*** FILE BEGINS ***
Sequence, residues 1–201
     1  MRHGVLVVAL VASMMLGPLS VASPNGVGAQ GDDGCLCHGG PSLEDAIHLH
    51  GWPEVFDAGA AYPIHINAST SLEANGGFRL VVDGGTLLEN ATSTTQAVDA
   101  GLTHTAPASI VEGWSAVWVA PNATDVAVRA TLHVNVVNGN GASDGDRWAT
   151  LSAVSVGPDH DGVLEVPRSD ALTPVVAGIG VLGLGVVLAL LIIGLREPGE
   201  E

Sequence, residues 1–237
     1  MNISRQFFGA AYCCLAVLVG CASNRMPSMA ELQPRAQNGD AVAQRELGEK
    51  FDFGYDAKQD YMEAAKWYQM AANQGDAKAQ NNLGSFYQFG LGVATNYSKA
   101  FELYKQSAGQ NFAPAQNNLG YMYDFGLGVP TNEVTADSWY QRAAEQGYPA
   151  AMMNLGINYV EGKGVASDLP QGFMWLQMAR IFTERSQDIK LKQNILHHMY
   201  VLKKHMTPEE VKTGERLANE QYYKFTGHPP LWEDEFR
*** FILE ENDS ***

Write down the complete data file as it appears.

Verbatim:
Sequence, residues 1–201
     1  MRHGVLVVAL VASMMLGPLS VASPNGVGAQ GDDGCLCHGG PSLEDAIHLH
    51  GWPEVFDAGA AYPIHINAST SLEANGGFRL VVDGGTLLEN ATSTTQAVDA
   101  GLTHTAPASI VEGWSAVWVA PNATDVAVRA TLHVNVVNGN GASDGDRWAT
   151  LSAVSVGPDH DGVLEVPRSD ALTPVVAGIG VLGLGVVLAL LIIGLREPGE
   201  E

Sequence, residues 1–237
     1  MNISRQFFGA AYCCLAVLVG CASNRMPSMA ELQPRAQNGD AVAQRELGEK
    51  FDFGYDAKQD YMEAAKWYQM AANQGDAKAQ NNLGSFYQFG LGVATNYSKA
   101  FELYKQSAGQ NFAPAQNNLG YMYDFGLGVP TNEVTADSWY QRAAEQGYPA
   151  AMMNLGINYV EGKGVASDLP QGFMWLQMAR IFTERSQDIK LKQNILHHMY
   201  VLKKHMTPEE VKTGERLANE QYYKFTGHPP LWEDEFR